Speaking of sketchbooks, here’s one now!

What inspires you most? In work? In life?
Sunshine, a good color palette, laughing….

It’s tough to narrow down what inspires me the most… if you visit my Pinterest you will see a disgustingly large amount of organized imagery that I love to stare at. I like to collect old magazines and I also keep a Fun Shit box where I throw all of my favorite little things into. Feeling the urge to create something is very empowering. When I feel inspired it’s almost as if I can’t control myself. I feel like I’m being tightly embraced by it in the loveliest way. Inspiration is like a breath of fresh air, it fills me with life. When I see someone doing what they love, or explaining why they enjoy it so much, it often rubs off on me and I think “wow I need to work on something pronto!!!”

“Ocular Garden” by Krista Perry

What is your favorite piece if work you’ve created?
It’s not necessarily my favorite thing I’ve ever made, but I discovered who I was when I painted Ocular Garden during my second semester of senior year at MassArt. I was a little stuck. I had spent the entire previous semester researching and painting for my thesis project on the Manson Family. I knew I wanted to break out of that shell a little bit but also knew that I was still clearly very inspired by motifs of the 60s. I felt a lot pressure to focus on strictly editorial work, but since I was still a little confused about how I wanted to be making art, I was lost. I would completely over-think the editorial assignment and waste so much time getting frustrated. I decided maybe I wanted to create something fun for my new website that would garner possible licensing work. I liked the idea of making pretty designs that didn’t have to be full of hidden messages like an editorial assignment might include. I bought a huge piece of black paper (which was very different for me) and just started painting. Months prior, I bought a tub of gold gouache and decided I finally wanted to try using it. This piece was cool because it had little to no planning whatsoever. I just remember thinking “wow this is really exciting,” and the rest is history. I think when I brought it to critique, I knew it was the beginning of something pretty cool.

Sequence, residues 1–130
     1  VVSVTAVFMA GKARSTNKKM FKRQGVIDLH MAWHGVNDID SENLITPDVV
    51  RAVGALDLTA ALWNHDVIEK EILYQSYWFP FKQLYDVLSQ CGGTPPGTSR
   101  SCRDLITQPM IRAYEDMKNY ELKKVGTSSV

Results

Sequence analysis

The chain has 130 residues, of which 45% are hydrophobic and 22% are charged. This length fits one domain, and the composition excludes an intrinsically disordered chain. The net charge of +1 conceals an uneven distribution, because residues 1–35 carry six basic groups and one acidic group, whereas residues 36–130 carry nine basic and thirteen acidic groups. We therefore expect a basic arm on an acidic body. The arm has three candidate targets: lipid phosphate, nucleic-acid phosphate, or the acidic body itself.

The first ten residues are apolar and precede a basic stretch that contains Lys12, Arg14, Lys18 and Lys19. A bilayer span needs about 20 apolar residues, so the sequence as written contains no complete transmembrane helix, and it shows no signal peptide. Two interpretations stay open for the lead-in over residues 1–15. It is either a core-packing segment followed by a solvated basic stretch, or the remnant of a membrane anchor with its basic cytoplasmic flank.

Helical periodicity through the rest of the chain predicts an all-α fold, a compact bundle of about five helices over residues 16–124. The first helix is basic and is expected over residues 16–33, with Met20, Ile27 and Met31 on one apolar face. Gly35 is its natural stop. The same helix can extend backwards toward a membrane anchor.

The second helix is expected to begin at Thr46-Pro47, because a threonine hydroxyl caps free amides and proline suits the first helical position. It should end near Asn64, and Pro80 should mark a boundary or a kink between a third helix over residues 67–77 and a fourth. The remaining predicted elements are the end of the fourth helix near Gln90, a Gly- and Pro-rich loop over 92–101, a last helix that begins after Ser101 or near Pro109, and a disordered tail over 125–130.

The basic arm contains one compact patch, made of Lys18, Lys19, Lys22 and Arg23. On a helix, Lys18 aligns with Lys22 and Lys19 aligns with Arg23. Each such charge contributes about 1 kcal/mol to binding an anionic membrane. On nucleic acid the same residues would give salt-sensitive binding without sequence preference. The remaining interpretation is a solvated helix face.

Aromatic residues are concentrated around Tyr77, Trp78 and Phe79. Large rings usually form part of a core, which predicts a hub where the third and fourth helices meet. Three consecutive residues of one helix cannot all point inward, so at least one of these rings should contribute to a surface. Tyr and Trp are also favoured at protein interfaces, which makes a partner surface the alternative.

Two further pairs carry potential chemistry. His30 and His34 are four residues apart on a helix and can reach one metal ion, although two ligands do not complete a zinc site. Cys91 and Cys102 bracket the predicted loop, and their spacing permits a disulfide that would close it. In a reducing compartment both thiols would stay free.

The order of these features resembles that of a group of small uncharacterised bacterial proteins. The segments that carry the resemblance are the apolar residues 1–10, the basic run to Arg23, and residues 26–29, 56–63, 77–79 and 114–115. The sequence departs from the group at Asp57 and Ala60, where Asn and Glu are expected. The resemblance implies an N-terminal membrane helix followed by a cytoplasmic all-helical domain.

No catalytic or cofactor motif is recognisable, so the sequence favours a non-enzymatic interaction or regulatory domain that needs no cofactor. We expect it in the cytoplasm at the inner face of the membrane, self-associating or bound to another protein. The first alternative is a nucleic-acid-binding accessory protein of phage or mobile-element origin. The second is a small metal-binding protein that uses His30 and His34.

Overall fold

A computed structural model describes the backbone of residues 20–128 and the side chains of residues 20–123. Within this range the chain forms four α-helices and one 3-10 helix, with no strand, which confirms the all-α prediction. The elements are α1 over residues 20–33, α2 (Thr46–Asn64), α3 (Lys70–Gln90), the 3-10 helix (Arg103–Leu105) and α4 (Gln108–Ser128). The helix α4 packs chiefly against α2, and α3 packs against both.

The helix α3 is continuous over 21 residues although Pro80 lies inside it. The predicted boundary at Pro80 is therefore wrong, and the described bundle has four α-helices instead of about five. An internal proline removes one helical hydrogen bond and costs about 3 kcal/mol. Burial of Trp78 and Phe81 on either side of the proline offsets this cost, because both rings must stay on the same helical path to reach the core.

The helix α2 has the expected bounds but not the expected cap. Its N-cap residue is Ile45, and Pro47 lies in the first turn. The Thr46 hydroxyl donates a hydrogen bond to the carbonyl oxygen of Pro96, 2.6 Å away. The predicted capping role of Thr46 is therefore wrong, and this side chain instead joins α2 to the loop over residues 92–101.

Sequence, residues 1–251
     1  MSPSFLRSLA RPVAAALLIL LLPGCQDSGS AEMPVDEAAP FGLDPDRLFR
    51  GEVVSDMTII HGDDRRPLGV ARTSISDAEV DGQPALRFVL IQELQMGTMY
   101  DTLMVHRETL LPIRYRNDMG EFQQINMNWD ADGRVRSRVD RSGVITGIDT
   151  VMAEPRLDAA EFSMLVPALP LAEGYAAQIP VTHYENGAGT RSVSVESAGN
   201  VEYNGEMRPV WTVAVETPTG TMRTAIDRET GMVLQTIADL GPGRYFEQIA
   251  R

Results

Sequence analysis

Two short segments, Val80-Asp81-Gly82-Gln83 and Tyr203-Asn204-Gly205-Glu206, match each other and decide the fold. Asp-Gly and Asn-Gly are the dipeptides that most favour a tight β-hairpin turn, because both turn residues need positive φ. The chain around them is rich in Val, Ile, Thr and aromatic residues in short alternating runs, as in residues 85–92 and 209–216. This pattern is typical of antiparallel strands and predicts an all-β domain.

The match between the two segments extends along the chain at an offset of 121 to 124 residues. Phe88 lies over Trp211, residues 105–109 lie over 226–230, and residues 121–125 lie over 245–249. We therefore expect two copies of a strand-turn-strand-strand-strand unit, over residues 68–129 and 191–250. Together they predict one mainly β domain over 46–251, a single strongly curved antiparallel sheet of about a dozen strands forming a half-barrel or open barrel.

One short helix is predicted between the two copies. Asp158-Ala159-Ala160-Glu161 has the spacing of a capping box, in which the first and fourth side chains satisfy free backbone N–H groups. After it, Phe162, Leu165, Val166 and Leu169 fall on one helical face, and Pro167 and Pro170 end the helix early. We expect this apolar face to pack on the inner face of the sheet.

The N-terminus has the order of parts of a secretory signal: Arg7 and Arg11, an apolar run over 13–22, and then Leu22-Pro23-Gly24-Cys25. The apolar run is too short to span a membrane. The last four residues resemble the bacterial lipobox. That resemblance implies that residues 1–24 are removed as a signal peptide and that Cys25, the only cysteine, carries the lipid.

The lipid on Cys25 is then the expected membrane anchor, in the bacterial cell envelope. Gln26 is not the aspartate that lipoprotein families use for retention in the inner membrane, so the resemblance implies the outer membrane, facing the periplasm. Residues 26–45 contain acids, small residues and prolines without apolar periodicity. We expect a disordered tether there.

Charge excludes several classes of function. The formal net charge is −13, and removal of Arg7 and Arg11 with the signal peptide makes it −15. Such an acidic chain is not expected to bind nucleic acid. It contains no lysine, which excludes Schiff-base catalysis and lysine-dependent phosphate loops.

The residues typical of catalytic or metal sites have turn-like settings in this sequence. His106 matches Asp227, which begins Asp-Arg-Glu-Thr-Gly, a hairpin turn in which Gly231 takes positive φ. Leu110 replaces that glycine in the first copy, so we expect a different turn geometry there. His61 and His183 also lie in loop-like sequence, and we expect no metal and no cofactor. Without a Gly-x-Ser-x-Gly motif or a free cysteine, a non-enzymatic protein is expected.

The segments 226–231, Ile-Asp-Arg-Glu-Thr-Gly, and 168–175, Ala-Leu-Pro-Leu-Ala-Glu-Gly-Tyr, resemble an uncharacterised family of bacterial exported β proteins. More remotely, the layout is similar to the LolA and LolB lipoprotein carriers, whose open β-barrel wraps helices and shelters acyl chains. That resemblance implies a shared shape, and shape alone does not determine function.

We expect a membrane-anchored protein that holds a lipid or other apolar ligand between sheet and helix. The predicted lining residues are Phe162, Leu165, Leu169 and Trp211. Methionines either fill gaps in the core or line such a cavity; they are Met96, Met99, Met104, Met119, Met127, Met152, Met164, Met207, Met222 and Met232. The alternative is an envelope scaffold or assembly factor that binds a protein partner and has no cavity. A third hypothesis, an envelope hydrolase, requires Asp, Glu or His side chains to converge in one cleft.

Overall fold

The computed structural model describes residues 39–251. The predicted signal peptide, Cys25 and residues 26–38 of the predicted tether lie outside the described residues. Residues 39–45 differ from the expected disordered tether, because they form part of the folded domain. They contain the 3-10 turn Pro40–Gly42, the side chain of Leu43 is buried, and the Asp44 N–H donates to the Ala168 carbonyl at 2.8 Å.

What was the best piece of advice you were given when starting out?
I think the biggest piece of advice I received in school is that you really are in control of your own destiny. Once you’re out of school, you have nobody but yourself to rely on to keep you going. When you’re in school, you’re sort of corralled with other illustrators and artists who have the same or similar goals as you. You’re also getting constant assignments to work on and gallery shows that you must be in. It was really strange after graduating because I took a couple months off from art and then thought “oh shit, I need to get going!” For me, there was this constant need to stay relevant and active. I truly love making funny, weird, and different art. It makes me happy to be actively creating.

Do you have any advice for up-and-coming artists and illustrators?
Kick your own ass into gear, and literally never stop. If you truly want this, it’ll force its way into your life one way or another. Keep your eyes on the prize!! It’s really, really easy to compare yourself to others. In a world where social media is so important, it’s good to remember that what people post is just a super small chunk of what’s going on in their lives.  My biggest word of advice is to remain focussed on yourself and your own story. Theres nothing worse than getting tangled up in other people’s success. Another biggie piece of advice is staying as true to yourself as humanly possible. BE YOURSELF & HAVE FUN! Having your own unique voice is key. It’s really exciting once you start to figure out what works for you in terms of process, work ethic, and style.

Favorite mediums to work in?